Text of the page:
PROVO, Utah (AP) — Researchers at Brigham Young University are helping with a NASA-sponsored project measuring the electrical charge and size of dust particles on Mars.
The BYU group is nearing completion of the three-year project that hopes to understand the climate of the Red Planet and the impact the dust has on materials sent to its surface, the Deseret News reports.
The project began two years ago after NASA asked universities across the country for a Mars dust analyzer proposal, according to Shiuh-hua Wood Chiang, one of the BYU professors and researchers heading the project.
"Mars rovers, when they land on Mars, rely on solar power and solar panels to generate electricity. Dust tends to stick on these solar panels and reduce the power generation capabilities," he said, explaining that the dust's electrical charge causes it to stick to the panels.
Researchers need to understand how the dust particles may affect future instruments and life support systems on Mars, he said.
He noted that "in the future, we will be sending humans to Mars and the manned missions will require life support systems that interact with the Martian atmosphere, we need to understand how the dust particles may affect these instruments and life support systems."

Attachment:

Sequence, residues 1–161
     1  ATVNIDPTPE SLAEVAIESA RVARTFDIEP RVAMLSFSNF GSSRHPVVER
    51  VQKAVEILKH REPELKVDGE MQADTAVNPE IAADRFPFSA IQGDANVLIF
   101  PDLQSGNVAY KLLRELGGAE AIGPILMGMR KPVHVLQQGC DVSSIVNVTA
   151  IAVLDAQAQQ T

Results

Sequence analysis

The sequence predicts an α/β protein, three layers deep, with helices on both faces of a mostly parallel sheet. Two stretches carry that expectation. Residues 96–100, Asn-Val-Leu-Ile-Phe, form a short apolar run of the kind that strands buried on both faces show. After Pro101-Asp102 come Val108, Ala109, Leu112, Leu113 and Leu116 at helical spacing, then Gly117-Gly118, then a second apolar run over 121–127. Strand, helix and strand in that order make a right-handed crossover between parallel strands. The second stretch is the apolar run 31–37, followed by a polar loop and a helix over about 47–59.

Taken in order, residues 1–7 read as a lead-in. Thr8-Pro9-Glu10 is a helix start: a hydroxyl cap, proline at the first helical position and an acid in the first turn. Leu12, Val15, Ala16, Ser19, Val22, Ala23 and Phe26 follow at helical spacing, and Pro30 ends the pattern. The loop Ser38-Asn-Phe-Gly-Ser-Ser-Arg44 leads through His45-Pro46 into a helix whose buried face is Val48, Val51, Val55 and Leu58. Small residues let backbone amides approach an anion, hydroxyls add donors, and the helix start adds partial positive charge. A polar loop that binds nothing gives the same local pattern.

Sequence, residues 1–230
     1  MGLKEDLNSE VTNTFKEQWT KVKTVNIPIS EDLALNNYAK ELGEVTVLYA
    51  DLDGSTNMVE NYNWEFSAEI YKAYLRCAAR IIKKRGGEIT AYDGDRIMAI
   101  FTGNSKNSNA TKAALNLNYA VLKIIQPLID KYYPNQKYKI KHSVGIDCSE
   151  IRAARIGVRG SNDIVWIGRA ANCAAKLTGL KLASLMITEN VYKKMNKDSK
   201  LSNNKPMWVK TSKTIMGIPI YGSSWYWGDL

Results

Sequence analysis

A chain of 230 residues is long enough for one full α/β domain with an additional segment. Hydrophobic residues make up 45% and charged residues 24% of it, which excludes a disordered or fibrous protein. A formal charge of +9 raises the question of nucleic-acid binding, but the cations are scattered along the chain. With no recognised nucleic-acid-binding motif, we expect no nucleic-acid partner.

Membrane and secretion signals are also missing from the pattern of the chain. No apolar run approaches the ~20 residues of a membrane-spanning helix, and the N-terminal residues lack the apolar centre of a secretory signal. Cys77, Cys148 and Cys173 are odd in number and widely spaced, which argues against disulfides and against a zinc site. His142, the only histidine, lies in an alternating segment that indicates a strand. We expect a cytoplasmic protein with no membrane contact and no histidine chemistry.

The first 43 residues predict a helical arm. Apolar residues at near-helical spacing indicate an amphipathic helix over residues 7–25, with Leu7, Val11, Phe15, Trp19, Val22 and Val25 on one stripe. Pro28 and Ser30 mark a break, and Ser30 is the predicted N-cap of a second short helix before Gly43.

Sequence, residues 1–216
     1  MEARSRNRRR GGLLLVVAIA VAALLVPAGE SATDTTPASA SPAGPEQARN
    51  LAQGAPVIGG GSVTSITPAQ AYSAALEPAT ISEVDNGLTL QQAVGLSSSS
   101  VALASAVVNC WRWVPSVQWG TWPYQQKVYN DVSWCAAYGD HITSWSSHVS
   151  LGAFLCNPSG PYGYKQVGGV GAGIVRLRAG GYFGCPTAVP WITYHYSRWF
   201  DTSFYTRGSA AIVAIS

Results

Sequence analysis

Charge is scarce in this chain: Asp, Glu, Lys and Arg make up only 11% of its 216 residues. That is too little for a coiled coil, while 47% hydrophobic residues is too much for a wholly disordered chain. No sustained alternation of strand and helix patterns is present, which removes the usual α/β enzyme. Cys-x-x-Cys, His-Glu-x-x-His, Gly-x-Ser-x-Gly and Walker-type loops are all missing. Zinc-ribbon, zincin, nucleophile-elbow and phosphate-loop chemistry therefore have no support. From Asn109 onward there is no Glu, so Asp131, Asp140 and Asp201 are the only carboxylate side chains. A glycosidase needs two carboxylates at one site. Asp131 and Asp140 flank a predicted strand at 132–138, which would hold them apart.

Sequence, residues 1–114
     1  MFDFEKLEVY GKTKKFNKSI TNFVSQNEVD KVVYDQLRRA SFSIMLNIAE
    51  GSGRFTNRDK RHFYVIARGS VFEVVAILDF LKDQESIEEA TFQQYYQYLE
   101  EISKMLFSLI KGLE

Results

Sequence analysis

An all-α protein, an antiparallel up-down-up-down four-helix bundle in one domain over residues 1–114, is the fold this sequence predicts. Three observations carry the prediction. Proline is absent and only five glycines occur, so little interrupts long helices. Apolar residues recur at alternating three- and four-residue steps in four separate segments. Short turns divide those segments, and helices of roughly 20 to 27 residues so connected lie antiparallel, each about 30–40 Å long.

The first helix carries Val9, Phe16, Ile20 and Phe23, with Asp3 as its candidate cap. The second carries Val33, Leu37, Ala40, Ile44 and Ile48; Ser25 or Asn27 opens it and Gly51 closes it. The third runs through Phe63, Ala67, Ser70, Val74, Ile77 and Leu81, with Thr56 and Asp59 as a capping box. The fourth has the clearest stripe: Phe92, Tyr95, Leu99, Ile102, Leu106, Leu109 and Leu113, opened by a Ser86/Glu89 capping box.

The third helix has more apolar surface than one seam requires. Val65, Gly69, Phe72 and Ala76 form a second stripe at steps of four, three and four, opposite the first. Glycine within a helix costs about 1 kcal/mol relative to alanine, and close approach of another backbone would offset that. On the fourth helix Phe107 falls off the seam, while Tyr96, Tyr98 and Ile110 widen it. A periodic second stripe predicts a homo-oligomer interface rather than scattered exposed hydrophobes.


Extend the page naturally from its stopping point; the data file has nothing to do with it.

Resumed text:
In order to accomplish this, the BYU team has been producing lab-made Mars dust. These electronically charged dust particles are not visible to the human eye.
Printed circuit boards and low-noise charge and mass detection instruments are used to measure the charge and size of the particles.
Heading the research project with Chiang are BYU professors Daniel Austin and Aaron Hawkins, as well as a team of graduate and undergraduate student researchers.
"It is one of my dreams one day to work for NASA. And I feel that being in this lab, and working on this specific project is helping me get to that point, if I play my cards right," Elaura Gustafson, a BYU doctoral student in analytical chemistry, said.
NASA provided the team with a $640,000 three-year grant which, Chiang said, will end in summer 2020.
BYU isn't the only university in the West conducting research into Mars for possible human exploration.
The University of New Mexico and Los Alamos National Laboratory are partnering on a research project studying interactions of boron and ribose in groundwater on Mars. Ribose is a sugar and a key ingredient of RNA, the nucleic acid present in all modern life, related to the more complex DNA.